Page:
One of the issues I have with the Hofer et al paper is that it really reflects the conceptions of IL (and how you teach it) held by the people who did the survey. I would say that it is not what I would call “information literacy”, since it seems to be a subset of information literacy focused on mastering particular skills and understanding concerned with searching for and evaluating particular types of information, in a specific (academic) context. So, proceeding to consider how one might scaffold learning of the identified threshold concepts, they seem (compared to ones identified in more established disciplines) a bit fuzzy and atheoretical.

    To take one (perhaps unfairly) “Research solves problems” – firstly the term “research” is ambiguous (I would take this to mean primary research, but it seems to mean here, more, the process of “finding and using information”?) and I would contest the idea that (whichever definition you use) research always “solves problems” – it may actually aim to *surface* problems, or illuminate (etc.) The threshold concept implied by the description seems to be “people don’t just tell you to find information for the sake of it” which seems more of a homily than a concept, and also up for challenge because the actual topic set for searching might (in the case of poorer teaching) not really have much point beyond getting the students to produce x thousand words that can then be marked.

    A factor that may be being ducked is that the idea of threshold concepts is tied to learning a subject, or more specifically, thinking and practising in a discipline. For someone like me, who asserts that information literacy is a subject (but a more complex one than implied by the threshold concepts of Hofer et al) this is not such a problem, but for those who see IL as essentially embedded in some other subject (which is often portrayed as an ideal way of teaching IL) then I think the threshold concepts will only become fully meaningful and focused if you identify them within the context of the subject they are being taught in.

    Anyway, those are some late-night thoughts about threshold concepts 😉

    1. Excellent points Sheila. Especially your point on the academic context (and I hold my hands up and say this is how I think about threshold concepts in information literacy – because that’s the context I’ve found myself in for a number of years now). What are those IL threshold concepts like for clinicians, for patients, for job-seekers, for lawyers, etc?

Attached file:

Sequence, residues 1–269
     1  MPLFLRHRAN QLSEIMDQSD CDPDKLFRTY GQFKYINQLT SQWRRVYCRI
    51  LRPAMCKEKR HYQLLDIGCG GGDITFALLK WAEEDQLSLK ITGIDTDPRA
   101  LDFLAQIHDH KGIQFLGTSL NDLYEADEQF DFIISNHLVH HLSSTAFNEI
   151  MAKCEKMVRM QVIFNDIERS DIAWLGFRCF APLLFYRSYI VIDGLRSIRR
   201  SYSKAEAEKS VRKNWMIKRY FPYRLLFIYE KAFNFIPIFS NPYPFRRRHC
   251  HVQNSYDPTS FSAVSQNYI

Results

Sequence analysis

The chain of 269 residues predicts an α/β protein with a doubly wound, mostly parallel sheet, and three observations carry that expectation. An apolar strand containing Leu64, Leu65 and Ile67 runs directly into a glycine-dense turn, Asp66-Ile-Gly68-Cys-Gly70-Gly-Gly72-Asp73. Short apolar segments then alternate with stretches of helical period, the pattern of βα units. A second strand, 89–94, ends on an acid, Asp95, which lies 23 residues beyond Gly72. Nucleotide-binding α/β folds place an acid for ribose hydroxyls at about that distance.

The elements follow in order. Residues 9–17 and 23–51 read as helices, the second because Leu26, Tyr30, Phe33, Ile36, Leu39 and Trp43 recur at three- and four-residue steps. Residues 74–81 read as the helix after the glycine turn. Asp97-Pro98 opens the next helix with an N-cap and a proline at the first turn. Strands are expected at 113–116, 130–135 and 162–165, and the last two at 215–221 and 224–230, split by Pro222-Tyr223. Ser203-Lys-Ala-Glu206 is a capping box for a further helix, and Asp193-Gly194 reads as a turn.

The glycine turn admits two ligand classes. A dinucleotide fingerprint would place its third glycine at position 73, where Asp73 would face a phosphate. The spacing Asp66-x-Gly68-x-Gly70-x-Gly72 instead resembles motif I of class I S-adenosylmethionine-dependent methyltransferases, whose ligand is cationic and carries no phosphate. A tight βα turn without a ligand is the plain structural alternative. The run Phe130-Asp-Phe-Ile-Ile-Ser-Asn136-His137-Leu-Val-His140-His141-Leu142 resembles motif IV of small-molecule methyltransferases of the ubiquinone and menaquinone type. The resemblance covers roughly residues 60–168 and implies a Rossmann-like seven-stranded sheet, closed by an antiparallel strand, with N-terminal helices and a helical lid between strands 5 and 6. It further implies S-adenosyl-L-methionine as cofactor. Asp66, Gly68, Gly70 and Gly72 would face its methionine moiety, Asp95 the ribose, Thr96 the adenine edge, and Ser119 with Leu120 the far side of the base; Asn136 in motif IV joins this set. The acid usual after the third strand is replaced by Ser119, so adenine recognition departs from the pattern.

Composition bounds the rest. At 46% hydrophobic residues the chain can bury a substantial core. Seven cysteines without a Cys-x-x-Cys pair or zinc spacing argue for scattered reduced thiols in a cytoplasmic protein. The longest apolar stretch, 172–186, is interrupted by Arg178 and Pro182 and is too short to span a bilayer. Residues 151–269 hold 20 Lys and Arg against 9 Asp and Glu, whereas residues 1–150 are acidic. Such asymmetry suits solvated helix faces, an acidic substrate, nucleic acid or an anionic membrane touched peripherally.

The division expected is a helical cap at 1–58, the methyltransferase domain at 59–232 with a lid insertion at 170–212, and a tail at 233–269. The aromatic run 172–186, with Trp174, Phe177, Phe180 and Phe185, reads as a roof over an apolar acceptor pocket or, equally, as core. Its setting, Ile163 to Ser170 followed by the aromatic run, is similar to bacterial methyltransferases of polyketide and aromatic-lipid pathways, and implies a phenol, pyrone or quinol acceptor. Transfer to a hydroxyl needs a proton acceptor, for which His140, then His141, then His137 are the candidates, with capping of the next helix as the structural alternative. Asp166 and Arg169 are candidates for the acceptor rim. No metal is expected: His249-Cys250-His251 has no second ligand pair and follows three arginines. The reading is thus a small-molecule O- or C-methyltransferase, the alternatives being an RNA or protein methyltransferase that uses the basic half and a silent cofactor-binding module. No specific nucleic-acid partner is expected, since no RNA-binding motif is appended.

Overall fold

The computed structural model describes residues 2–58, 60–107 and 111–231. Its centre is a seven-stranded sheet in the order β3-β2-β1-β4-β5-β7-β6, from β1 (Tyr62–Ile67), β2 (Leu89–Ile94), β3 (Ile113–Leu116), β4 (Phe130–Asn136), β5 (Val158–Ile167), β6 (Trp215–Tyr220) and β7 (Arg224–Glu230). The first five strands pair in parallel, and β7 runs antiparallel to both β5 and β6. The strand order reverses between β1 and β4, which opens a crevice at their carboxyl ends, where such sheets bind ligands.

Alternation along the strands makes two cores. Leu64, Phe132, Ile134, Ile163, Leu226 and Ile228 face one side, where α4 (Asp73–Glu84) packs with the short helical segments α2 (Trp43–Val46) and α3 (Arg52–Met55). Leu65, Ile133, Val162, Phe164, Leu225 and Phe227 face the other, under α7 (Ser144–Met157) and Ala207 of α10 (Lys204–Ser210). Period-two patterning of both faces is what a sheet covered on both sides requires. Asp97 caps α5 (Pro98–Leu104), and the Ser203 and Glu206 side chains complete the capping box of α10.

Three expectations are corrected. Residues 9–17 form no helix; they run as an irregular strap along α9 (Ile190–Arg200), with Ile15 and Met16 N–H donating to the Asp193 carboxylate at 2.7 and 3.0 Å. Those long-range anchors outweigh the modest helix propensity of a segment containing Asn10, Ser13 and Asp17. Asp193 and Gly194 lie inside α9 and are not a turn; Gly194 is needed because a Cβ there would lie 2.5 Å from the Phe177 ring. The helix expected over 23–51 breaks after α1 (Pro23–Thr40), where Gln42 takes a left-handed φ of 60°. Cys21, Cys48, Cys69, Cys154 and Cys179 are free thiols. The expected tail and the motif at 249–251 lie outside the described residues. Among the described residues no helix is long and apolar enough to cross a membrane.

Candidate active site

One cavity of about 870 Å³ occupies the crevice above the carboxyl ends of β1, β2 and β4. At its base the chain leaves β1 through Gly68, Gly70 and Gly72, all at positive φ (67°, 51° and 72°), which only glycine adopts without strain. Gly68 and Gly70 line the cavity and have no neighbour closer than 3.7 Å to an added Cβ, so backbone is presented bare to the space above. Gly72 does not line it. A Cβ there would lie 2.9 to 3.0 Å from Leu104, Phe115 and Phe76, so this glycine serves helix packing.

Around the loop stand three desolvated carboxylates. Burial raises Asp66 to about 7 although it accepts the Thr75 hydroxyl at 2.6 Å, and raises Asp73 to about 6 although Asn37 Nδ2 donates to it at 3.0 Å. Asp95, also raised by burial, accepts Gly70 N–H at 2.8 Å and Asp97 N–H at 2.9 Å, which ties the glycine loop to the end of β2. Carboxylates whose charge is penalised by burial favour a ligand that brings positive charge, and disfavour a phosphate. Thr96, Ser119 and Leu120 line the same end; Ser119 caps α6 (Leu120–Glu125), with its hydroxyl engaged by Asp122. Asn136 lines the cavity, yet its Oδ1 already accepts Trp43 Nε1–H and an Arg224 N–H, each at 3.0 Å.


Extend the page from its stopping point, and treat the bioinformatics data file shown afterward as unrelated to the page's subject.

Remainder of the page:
One of the aspects of threshold concepts that I sometimes question is the idea that a threshold concept is a vital step to comprehending and understanding a discipline. I think I don’t fully subscribe to that. For me, a concept threshold is a sticky point. A particular thing, that if we could grasp it, and assimilate it in some way, it will contextualise the broader subject matter, and ‘facilitate’ understanding in a more navigated way. Almost like the road ahead of you is a little less blocked because you now have found some negotiable way of tackling the obstacles in the road, AND you can see the path ahead of you just a little clearer. And I agree – let’s say the concept of supply and demand is a threshold concept in economics. Well, without understanding supply and demand, you’ll struggle to grasp many wider economic theories and ideas. Fine. I can see that. But you’re right, there aren’t really (m)any threshold concepts in information literacy that would completely shut down the many skills, mind-frames and actions of “an information literate” person.

      And this is why I think I say threshold concepts are person-specific. What’s a sticky point in a particular discipline (whether it be information literacy, economics, physics, or anything else) for me, is possibly going to be a very different sticky point for any else. When I’m teaching, I try and be mindful of when a student appears to be at a sticky point. And how I can help the student with that, so that they can comprehend in a better way. And I sometimes feel like a lot of the times, this is at a particular junction that really is all about context.

      What I would say with regards Hofer et al, I know they continue to develop their work on threshold concepts in IL. I’m looking forward to reading this work, to see how the idea of threshold concepts in IL advances.

      Person-specific, and contextual. That’s what threshold concepts mean to me the most.

      Maybe we’re just talking good old fashioned teachable moments.